Air pollution is a serious issue and a cause for major concern in today’s world. A report published in 2014 by the World Health Organisation states that 4.21 million individuals died prematurely in 2012 as a result of air pollution. Air pollution existed much before humans, in the form of volcanic eruptions and forest fires. However, it became much more prevalent after the Industrial Revolution.
Rapid industrial growth, unregulated emissions and a host of other issues significantly contributed to the rise in air pollution. In some cases, the severity of air pollution reached an extent where government intervention was necessary. The Great Smog of London, 1952, was an extreme case of air pollution where visibility was severely hampered. It also caused a host of illnesses and the consequent deaths of countless civilians. In November 2017, the levels of air pollution in Delhi were ten times above the safe limits. For reference, the healthy air quality index is between 0 to 50, but during that particular time period, the air quality index hit 500+. This event is now called the Great Smog of Delhi.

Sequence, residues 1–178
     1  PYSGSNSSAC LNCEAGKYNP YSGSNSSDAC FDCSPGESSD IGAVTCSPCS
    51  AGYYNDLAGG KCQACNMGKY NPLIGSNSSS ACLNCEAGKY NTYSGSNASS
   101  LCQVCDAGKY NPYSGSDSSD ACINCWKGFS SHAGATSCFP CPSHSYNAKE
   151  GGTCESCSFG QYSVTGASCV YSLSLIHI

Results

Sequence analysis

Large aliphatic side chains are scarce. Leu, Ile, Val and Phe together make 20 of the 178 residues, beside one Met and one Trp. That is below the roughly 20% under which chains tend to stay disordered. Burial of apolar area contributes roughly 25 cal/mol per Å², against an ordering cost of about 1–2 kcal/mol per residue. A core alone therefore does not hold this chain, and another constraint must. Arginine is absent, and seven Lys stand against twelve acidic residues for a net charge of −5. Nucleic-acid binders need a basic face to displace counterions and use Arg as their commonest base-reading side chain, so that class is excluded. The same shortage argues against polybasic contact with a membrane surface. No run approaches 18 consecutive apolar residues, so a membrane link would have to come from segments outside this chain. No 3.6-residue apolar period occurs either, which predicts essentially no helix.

An air quality index of 500 and above indicates that the air is heavily polluted and will cause irreversible lung damage and a host of other illnesses to everyone who is exposed to it. Therefore, to avoid such situations in the future, relevant actions must be implemented.